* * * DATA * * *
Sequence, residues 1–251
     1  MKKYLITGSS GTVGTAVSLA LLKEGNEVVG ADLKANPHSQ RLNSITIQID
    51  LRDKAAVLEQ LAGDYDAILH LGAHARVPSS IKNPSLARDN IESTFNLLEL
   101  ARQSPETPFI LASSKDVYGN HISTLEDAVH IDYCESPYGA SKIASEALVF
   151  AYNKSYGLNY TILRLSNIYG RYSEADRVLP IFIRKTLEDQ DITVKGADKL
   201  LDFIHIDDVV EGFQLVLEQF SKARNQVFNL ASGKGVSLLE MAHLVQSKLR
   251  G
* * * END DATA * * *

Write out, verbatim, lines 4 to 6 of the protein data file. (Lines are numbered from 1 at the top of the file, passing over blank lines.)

   101  ARQSPETPFI LASSKDVYGN HISTLEDAVH IDYCESPYGA SKIASEALVF
   151  AYNKSYGLNY TILRLSNIYG RYSEADRVLP IFIRKTLEDQ DITVKGADKL
   201  LDFIHIDDVV EGFQLVLEQF SKARNQVFNL ASGKGVSLLE MAHLVQSKLR